July 11, 2014 | 1654
Early July 11, the Kurdistan Regional Government deployed its peshmerga forces to take control of Iraq’s state-owned North Oil Company operations in the Kirkuk and Bai Hassan oil fields, which are located in disputed territory. These fields will theoretically add about 500,000 barrels per day to the Kurdistan Regional Government’s production capacity. Their ability to bring it to market, however, will be greatly limited by their current infrastructure and technical capacity, not to mention the security challenges that lie ahead.
For now the peshmerga is able to take advantage of Baghdad’s distraction as it tries to contain Islamic State and other Sunni militants. However, this situation will not last forever and the Kurdistan Regional Government faces an inevitable confrontation with Baghdad over Kirkuk once Baghdad regains enough military bandwidth. The Kurdistan Regional Government knows it will be some time before Baghdad can regain enough military focus to challenge the Kurdish forces. In order to take advantage of the lag Arbil is trying to create a new political reality while it can.
The Kurds have a strong infantry force, but are unnerved by the growing strength of Baghdad’s air power thanks to Russian military transfers. Additionally, Iraqi forces have the advantage in the deployment of mechanized and armor units. With the assistance of outside players such as Iran, Baghdad can also mobilize a number of unconventional militant forces in the disputed territories. The Kurds will also face local resistance from Sunni Arab and ethnic Turkmen groups reluctant to allow the region’s resources to come under Kurdish control.
The Kurdistan Regional Government will also face technical and political impediments to producing oil from the Kirkuk and Bai Hassan fields and in transporting it by pipeline to Turkey. Before the eruption of the Islamic State crisis, Arbil and Baghdad had been negotiating an oil revenue distribution deal. The two sides were considering a plan to connect Baghdad’s fields in Kirkuk to the Kurdish pipeline for export. The idea was for both Baghdad and Arbil to establish a more secure route for Kirkuk oil through Kurdish territory. This would be an alternative to Baghdad’s Kirkuk-Ceyhan pipeline, which runs through Sunni-majority and disputed territory and has been taken offline frequently by attacks.
There was also potential for Baghdad and Arbil to use this compromise as a basis for a broader settlement of the long-running dispute over the legality of northern oil exports. The proposal called for KAR Group to build a 100-kilometer pipeline connecting the Kurdish-controlled Khurmala dome to the K-1 pumping station near the Baba dome. KAR Group is a company based in Kurdish territory that built the newer pipeline that runs exclusively within Kurdistan Regional Government territory to Turkey. Ownership of the pipeline would be divided between the Kurdistan Regional Government and the North Oil Company, with the Kurds owning the pipeline section between the Khurmala and Avana domes and North Oil Company owning the section from the Avana dome to the K-1 pumping station.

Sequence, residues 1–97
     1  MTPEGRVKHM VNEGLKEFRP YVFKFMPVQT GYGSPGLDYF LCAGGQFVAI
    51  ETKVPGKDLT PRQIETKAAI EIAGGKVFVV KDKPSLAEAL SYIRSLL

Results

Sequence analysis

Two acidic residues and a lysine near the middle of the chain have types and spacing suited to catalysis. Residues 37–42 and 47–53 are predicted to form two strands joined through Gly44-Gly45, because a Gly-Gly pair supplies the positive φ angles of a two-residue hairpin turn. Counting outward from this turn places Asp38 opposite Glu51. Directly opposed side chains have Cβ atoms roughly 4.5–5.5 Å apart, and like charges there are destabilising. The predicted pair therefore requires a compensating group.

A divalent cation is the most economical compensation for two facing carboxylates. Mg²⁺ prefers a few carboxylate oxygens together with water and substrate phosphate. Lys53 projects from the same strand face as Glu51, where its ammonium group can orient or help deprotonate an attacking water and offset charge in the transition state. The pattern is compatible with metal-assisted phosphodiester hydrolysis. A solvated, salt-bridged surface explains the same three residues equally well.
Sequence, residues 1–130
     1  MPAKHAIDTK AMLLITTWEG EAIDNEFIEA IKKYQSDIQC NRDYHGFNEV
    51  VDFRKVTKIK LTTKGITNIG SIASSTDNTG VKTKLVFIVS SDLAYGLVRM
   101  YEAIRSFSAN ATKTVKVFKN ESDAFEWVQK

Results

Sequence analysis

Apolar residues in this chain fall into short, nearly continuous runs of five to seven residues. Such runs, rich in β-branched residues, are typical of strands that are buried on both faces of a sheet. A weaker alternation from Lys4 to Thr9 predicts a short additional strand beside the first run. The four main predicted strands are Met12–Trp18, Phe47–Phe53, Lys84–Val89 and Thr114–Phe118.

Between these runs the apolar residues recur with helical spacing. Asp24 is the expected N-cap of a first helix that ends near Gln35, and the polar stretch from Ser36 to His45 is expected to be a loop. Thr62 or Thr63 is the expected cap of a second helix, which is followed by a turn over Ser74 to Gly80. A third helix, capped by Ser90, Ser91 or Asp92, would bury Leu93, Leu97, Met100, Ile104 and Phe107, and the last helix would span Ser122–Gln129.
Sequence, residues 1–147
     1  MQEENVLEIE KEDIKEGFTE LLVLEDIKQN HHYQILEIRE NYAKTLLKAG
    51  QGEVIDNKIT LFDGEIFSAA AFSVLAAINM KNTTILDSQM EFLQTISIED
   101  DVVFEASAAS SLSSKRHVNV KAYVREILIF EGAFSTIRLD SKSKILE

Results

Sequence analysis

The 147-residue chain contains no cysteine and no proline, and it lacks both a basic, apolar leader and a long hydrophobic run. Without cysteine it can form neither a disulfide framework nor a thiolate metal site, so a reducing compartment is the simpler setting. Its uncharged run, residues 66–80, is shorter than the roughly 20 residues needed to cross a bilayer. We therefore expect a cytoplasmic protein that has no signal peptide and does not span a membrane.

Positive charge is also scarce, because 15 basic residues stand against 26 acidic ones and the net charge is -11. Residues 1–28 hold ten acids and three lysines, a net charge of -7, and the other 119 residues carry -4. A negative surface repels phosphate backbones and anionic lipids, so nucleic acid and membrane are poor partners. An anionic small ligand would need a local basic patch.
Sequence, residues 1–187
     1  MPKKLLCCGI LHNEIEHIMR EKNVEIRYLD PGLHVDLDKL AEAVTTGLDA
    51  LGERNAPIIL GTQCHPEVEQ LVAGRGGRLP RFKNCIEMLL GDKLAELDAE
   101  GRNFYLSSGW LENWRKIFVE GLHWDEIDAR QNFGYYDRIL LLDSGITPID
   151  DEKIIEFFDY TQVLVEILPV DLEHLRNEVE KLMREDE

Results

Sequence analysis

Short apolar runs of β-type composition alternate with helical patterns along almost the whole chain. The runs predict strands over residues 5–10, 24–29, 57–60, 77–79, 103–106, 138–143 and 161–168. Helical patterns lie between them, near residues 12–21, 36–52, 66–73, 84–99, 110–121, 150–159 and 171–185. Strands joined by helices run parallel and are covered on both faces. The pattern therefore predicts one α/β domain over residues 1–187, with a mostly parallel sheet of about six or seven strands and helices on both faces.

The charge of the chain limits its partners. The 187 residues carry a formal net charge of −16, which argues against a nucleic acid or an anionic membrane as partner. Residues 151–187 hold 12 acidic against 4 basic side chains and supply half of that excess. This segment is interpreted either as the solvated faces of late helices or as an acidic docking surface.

This cooperation plan is now clearly off the table. The Kurdistan Regional Government, however, will likely deploy KAR Group to build the pipeline with Kirkuk under peshmerga control. Timing will be essential as the Kurdish authorities try to take advantage of Baghdad’s multiple distractions. KAR Group has the capacity to complete the basic construction of the pipeline, but connecting the infrastructure nodes to production from these fields is far more complicated and subject to delays. Previously Baghdad had contracted BP to provide technical assistance to the North Oil Company in arresting the decline of the Kirkuk oil field, now producing 220,000 barrels per day. The Kurdistan Regional Government contested the deal, arguing that it needed to be included in any contract concerning Kirkuk oil.
The next question is whether the Kurdistan Regional Government will be able to recruit an energy firm capable of maintaining production at the challenging Avana and Baba domes. It will be critical that this be done relatively quickly, in order to prevent the inevitable security challenges in and around Kirkuk from deterring foreign investors. The Kurdish pipeline has its own technical issues to work out and is pumping only around 100,000 barrels per day although it has a claimed technical capacity of 400,000 barrels per day. Once oil arrives at the Turkish port of Ceyhan and is loaded onto tankers, the Kurdistan Regional Government then must secure a willing buyer. Of the four tankers that left Ceyhan since the Kurds started transporting oil there, one was sold anonymously through Israel and the remaining three are still in the Mediterranean as the government tries to convince the market that its moves are legal. As a sign of growing desperation, Arbil is now threatening legal action against buyers of oil who have restricted payments to the cash-strapped government.
The Kurdistan Regional Government is trying to seize a unique moment of opportunity but there is a lot more work to be done before it can secure and hold this disputed territory to produce and export oil from Kirkuk. For the Kurds to have any hope of success in this endeavor, they need a strong foreign backer. The Kurdistan Regional Government and Turkey are strategically aligned for now, and Turkey has its eye on the Kirkuk field. However, if Turkey expanded its small military presence in Kurdish territory and extended military protection to Kirkuk it would fundamentally reshape the power politics of the region and invite a strong response from Baghdad, Tehran and Washington, not to mention the resistance Turkey would face from the Kurds themselves at home and in northern Iraq.